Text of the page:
Prayer Day Lawsuit; Vatican Ambassador to US Dies; Religious Leader Passes away; Polygamist...

      Judge tosses attempt to bar Texas gov. from prayer rally

      HOUSTON (AP) - A federal judge has thrown out a lawsuit that
sought to stop Texas Gov. Rick Perry from promoting or
participating in an Aug. 6 day of prayer and fasting.
      Judge Gray Miller ruled that the atheist and agnostic group that
filed the suit, the Freedom From Religion Foundation, did not have
standing to sue.
      The group had argued that Perry's involvement in the Houston
event, called The Response, would violate the Constitution.
      Gov. Perry defended the event, comparing it to presidential
support for the National Day of Prayer. Perry said his prayer was
that the courts would find that a governor still has First
Amendment rights.

      Bachmann says she'd pray daily as president

      WASHINGTON (AP) - Congresswoman Michele Bachmann says that if
she's elected president, she'll pray every day for God's guidance.
      The Minnesota Republican told members of the National Press
Club, "I want you to know that I will be praying for every one of
you, too -- every day."
      Asked what part of politics she found hardest to reconcile with
her faith, Bachmann said she didn't find that to be a problem.
      She said, quote: "I'm a Christian and I'm proud of my faith and
I'm extremely grateful to God."

      11 clergy arrested for prayer protest in Capitol

      WASHINGTON (AP) - Some clergy have been arrested for staging a
prayer protest in the U.S. Capitol.
      With the House and Senate focused on debt-limit legislation at
opposite ends of the Capitol, 11 religious leaders praying against
budget cuts that would hurt the poor were arrested Thursday in the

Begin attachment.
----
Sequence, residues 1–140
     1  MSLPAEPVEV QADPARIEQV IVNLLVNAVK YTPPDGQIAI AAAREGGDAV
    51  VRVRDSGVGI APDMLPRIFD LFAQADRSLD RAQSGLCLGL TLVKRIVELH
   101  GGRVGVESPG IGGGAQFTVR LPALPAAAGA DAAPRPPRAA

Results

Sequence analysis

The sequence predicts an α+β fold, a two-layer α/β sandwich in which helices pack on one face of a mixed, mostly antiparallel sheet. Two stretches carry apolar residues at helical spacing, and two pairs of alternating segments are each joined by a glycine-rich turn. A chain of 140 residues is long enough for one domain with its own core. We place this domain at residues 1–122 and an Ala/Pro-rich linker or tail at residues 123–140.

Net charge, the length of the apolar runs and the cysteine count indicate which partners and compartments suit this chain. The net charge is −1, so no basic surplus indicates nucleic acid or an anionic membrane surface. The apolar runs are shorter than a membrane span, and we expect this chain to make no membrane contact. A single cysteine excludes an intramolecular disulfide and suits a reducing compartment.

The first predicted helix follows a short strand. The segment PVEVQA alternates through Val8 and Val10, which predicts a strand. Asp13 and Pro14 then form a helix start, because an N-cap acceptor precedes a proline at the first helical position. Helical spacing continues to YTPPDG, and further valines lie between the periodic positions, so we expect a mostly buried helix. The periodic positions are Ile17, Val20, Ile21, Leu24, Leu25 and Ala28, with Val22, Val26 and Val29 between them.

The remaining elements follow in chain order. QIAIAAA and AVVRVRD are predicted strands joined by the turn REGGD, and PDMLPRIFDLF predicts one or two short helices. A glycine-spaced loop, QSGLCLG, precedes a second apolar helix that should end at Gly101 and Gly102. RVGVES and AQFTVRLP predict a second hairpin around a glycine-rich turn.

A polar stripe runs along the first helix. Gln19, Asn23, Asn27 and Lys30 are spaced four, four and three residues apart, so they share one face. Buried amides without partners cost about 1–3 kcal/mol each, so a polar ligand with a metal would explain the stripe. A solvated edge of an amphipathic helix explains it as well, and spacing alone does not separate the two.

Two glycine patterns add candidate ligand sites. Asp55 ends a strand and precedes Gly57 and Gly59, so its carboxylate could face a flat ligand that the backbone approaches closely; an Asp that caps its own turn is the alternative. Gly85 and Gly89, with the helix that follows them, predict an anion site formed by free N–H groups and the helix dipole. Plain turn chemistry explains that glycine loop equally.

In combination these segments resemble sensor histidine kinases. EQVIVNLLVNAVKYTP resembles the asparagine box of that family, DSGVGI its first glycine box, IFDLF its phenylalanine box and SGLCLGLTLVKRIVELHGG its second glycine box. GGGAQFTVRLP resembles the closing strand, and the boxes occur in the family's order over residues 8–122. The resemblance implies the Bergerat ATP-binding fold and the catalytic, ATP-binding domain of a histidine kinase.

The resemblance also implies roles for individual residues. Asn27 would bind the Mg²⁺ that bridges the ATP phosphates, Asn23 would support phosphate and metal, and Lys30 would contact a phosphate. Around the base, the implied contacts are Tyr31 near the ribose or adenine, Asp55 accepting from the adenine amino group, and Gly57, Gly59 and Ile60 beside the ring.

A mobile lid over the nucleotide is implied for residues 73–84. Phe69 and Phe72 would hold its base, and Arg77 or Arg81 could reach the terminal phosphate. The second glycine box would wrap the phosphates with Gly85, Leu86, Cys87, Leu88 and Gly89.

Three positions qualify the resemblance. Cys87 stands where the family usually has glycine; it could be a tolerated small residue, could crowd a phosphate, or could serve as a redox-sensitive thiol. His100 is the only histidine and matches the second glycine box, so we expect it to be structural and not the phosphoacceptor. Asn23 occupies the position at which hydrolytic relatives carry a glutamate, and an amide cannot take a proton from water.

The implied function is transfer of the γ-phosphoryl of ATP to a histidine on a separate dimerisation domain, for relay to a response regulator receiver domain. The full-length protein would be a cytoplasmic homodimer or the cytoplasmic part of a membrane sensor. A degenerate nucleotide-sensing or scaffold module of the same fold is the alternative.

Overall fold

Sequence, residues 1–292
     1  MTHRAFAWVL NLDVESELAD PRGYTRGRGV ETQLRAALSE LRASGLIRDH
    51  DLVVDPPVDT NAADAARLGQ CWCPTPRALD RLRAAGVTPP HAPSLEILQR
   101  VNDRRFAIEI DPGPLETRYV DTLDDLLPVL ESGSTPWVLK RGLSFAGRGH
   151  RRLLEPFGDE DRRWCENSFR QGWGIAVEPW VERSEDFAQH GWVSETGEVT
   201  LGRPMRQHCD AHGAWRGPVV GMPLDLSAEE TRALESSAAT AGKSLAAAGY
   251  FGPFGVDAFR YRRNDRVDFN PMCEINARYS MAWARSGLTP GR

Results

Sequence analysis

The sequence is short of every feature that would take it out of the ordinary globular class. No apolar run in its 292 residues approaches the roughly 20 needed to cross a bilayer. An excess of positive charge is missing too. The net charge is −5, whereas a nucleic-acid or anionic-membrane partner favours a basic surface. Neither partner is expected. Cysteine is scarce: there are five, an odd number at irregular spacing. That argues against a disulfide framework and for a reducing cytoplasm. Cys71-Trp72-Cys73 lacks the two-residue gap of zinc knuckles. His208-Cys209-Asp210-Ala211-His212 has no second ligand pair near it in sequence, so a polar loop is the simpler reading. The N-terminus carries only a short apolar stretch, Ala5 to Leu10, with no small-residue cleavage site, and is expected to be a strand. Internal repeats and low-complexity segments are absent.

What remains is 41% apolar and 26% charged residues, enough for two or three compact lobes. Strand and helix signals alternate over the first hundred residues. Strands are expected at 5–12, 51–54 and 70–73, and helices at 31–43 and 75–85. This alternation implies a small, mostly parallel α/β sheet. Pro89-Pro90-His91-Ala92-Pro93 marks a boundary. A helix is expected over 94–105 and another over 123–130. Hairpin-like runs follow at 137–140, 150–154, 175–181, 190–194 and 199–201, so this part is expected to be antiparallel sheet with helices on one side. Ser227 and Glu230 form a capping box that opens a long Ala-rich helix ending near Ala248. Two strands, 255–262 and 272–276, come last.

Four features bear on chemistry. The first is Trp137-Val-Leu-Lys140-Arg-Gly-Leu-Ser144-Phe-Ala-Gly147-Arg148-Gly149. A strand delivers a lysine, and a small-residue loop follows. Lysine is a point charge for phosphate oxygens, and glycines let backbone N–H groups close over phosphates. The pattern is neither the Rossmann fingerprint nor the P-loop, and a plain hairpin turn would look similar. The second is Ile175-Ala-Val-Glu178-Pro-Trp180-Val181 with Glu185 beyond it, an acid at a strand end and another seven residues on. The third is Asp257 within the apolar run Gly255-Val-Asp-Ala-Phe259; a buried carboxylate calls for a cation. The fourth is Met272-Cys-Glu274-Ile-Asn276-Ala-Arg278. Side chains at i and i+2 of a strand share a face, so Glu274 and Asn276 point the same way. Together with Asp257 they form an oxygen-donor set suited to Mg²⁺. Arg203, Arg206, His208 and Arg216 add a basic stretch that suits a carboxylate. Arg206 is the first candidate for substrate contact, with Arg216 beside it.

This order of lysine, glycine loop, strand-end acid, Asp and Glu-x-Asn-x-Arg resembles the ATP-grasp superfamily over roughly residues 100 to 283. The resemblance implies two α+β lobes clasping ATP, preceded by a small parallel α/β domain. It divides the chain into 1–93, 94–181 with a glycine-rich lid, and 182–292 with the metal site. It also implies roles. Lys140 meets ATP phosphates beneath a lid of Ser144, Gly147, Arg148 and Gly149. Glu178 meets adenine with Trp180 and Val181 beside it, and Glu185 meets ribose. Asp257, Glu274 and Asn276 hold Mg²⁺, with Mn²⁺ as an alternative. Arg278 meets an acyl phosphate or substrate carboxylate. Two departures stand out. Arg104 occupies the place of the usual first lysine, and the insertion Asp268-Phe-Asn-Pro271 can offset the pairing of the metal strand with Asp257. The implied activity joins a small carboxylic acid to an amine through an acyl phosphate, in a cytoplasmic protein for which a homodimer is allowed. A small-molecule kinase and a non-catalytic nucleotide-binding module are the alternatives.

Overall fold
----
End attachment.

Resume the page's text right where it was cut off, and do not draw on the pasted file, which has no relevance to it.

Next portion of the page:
Rotunda midway between the two chambers.
      Those arrested included a Jewish rabbi and leaders of the United
Methodist Church, Church of the Brethren, the Presbyterian Church
(U.S.A.) and the United Church of Christ.
      The Rev. C. Welton Gaddy, president of the Interfaith Alliance,
told protesters outside the Capitol that his colleagues had grown
frustrated with the debt impasse and felt they weren't being heard.
      Gaddy said, "It is time for people of faith and good will to
speak up, and it is time for some politicians in Washington to grow


      US couple dies in apparent suicide pact

      LAS VEGAS (AP) - Police have identified a couple who died in an
apparent suicide pact outside the same Florida church where they
married 40 years ago.
      A pastor found 60-year-old Bruce Wright and his 57-year-old
wife, Patricia Wright, Sunday morning behind Friendship United
Methodist Church in Charlotte County. A shotgun and rifle were
      Police say the husband was dead on the scene and his wife died
of her injuries Tuesday at a hospital.
      The couple's nephew, Daniel Johnson, told the Las Vegas
Review-Journal that the Wrights, who lived in Las Vegas, had no
children and rarely kept contact with family members.
      He says the family doesn't understand why the couple committed

      Vatican's US envoy dies following lung surgery

      VATICAN CITY (AP) - The Vatican says its ambassador to the
United States, Archbishop Pietro Sambi, has died in Baltimore after
suffering complications following recent lung surgery.
      The 73-year-old Sambi died Wednesday in Johns Hopkins Hospital
where he had been placed on assisted ventilation. He had undergone
surgery two weeks ago.
      The Italian prelate had served as papal representative in
Washington since 2006, and was one of Pope Benedict's first major
appointees. Sambi helped bring about a meeting between Benedict and
clerical sex abuse victims during the pope's U.S. visit three years

      SCLC president Creecy dies; apparent heart attack

      ATLANTA (AP) - The Southern Christian Leadership Conference says